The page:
Artist development isn’t dead, but it sure has changed. Two decades ago, a 20-something jazz musician named Norah Jones became a breakout star for Blue Note Records, a traditional route to stardom when people still bought CDs and social media didn’t exist. Last year’s breakout jazz artist, Laufey, cultivated a fan base on TikTok and posts sheet music for her songs online so fans can download it before the recordings come out.
To AWAL CEO Lonny Olinick, Laufey’s success is a sign of the times. The Icelandic singer built an online following by herself, but she needed a team to develop her career and handle marketing and promotion logistics. Her second AWAL album, Bewitched, topped Billboard’s Jazz Albums and Traditional Jazz Albums charts in September. “We’re seeing this real inflection point where artists are starting to, with their own teams and then between the team and AWAL, realize that there are no barriers in what can be achieved,” says Olinick, who earned an MBA from Stanford Business School and worked at consulting firm Bain & Company before joining Kobalt in 2016.
Artists such as JVKE, whose “Golden Hour” reached No. 10 on the Billboard Hot 100 in 2022, and Mercury Prize winner Little Simz have used AWAL to find success outside of the major-label system. AWAL’s services-focused approach is becoming the norm as major labels increasingly provide distribution, marketing, promotion, accounting and even financing without needing to own the rights to artists’ recordings as part of standard deals. Sony Music acquired AWAL in 2022 to complement its labels and its distribution business, The Orchard. Universal Music Group is also building its own artist services business, through a revamped Virgin Label Group.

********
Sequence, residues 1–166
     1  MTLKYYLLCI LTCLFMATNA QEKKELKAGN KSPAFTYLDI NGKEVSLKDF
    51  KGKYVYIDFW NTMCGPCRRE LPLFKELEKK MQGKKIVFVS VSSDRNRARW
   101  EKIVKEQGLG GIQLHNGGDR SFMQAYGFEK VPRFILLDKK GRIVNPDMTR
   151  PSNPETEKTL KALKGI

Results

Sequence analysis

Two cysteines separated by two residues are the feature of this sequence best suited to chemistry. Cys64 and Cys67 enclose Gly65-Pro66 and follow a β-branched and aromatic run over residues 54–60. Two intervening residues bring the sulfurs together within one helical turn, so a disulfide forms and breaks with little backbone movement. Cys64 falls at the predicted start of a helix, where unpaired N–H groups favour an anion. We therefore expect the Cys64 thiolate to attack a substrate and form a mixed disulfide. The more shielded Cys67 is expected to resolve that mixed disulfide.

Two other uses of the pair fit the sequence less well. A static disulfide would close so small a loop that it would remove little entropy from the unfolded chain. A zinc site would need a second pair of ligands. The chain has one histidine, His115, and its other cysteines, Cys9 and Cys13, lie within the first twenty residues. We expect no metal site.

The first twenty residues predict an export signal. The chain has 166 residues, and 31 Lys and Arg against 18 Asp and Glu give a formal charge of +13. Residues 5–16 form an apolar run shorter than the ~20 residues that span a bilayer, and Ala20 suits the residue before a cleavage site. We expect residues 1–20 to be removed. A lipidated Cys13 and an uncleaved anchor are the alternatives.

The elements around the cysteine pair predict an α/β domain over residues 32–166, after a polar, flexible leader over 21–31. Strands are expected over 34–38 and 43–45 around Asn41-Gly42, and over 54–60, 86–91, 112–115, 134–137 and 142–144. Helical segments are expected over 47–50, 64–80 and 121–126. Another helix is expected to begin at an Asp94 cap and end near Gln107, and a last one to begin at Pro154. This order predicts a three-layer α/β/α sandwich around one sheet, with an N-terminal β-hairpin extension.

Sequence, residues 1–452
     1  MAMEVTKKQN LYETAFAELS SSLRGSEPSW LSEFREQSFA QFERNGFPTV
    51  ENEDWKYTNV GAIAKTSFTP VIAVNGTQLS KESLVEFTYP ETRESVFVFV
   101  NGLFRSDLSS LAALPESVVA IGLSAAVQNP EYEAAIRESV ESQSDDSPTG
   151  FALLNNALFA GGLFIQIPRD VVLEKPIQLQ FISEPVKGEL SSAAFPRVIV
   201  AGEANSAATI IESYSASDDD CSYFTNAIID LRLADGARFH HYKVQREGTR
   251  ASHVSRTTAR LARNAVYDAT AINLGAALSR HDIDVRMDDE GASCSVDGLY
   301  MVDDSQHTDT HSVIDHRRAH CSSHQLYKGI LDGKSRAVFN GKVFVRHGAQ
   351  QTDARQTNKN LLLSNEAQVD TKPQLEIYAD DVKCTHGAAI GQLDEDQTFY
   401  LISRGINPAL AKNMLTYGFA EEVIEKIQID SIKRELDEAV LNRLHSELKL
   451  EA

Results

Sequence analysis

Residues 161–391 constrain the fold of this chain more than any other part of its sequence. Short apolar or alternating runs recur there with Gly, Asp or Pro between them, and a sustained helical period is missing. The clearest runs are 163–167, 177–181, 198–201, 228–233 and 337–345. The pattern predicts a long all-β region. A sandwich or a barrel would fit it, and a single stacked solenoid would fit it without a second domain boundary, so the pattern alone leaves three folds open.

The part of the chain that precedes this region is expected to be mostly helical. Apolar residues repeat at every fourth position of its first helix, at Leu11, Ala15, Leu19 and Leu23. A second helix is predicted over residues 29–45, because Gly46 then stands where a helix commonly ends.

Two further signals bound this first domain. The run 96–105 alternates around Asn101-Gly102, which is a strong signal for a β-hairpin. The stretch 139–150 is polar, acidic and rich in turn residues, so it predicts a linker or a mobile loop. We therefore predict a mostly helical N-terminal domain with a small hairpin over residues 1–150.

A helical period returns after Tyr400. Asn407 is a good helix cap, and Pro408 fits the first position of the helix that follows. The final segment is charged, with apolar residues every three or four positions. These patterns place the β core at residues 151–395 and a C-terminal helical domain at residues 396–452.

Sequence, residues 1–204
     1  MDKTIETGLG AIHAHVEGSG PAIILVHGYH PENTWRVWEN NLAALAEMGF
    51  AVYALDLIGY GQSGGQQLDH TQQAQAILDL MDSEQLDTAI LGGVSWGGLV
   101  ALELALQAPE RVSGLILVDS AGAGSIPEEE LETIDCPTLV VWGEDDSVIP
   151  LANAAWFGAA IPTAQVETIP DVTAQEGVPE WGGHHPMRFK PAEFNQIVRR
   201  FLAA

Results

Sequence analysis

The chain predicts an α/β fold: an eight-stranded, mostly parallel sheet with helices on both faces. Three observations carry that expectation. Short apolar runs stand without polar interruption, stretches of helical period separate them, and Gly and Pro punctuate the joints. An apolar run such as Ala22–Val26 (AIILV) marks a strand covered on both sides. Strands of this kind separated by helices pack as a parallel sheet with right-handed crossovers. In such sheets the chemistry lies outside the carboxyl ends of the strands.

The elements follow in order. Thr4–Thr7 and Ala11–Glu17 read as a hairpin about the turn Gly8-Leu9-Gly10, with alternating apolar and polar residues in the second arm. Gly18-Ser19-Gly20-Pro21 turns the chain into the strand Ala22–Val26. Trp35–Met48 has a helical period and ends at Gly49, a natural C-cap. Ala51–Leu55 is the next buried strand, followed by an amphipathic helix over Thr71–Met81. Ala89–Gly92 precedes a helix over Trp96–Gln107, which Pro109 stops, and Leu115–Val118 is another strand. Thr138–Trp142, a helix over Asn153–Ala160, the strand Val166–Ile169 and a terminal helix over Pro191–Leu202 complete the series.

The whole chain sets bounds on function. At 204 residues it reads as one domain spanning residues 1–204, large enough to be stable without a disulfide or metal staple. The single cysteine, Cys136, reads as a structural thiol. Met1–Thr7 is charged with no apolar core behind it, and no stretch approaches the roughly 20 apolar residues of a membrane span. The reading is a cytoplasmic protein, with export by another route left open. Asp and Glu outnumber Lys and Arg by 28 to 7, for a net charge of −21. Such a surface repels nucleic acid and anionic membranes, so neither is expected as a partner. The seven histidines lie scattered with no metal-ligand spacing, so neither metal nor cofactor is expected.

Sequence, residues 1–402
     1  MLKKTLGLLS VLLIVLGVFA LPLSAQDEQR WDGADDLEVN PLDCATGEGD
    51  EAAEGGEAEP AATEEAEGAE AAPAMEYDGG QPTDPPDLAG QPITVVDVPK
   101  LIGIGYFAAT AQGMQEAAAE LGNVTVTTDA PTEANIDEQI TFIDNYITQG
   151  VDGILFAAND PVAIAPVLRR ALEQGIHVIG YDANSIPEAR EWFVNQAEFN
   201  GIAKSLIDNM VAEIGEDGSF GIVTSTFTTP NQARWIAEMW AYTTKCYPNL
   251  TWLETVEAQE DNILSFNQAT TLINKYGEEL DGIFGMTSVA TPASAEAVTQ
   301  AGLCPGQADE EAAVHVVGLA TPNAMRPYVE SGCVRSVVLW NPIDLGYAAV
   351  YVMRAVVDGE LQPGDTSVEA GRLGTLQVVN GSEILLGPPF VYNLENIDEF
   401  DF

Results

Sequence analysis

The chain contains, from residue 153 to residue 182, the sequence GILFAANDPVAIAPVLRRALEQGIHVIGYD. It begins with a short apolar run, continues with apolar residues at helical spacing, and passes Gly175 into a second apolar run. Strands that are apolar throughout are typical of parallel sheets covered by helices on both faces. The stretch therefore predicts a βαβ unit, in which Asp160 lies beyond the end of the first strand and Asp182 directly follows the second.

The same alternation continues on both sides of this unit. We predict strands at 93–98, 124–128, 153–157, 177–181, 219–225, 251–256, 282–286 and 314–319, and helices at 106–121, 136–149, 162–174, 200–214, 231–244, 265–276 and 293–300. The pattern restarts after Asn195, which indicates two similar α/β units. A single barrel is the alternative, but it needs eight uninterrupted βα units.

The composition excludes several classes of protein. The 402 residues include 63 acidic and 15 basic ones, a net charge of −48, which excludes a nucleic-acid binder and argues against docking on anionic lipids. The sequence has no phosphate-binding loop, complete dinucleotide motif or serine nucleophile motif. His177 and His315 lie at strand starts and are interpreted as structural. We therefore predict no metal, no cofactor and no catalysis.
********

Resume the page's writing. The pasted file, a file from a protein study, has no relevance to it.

Paradoxically, services-based music companies still have to do many of the same things as traditional labels — just with different deals. Only recently, Olinick says, has the 16-year-old company truly met that challenge. “Last year and the year before were probably the first years where we fully realized that vision, where I’m confident that we can do all of the things that exist in the traditional world.”
Most people in the music industry understand record labels and distributors, but services-based companies are a bit harder to get. How would you describe AWAL to the uninitiated?
The most important part of music in my mind is artist development. You try to find artists who have great music, compelling stories and a work ethic and try to help them forge their own path. And throughout history, the best artists have been artists who don’t fit in a box, and the path that they take is completely bespoke. And you can’t do it again the same way. What we’ve tried to do is build a company that’s the best in the world at doing that — at finding outlier artists who have great stories to tell and helping them grow. You need a great marketing team, a great digital marketing team, radio, synch and branding — all the things that exist in the traditional world. What we’ve tried to do is build a company that can do all those things, just with a different business model to keep the economics in favor of the artist.
You don’t have an everyone’s-welcome model — you choose who you want to work with. How do you do that?
We’re very opinionated about music. It’s really important as a company to have that creative, A&R-driven aesthetic. There’s three dimensions to it in my mind. There’s the music: Does the music speak to people? Two, is there a story to be told, and does this person want to communicate something beyond just the music that’s interesting and compelling? And three, does the person have a work ethic? Being successful in music requires relentlessly hard work on all sides.
Tell me about the staff on the creative side, as well as the administrative one.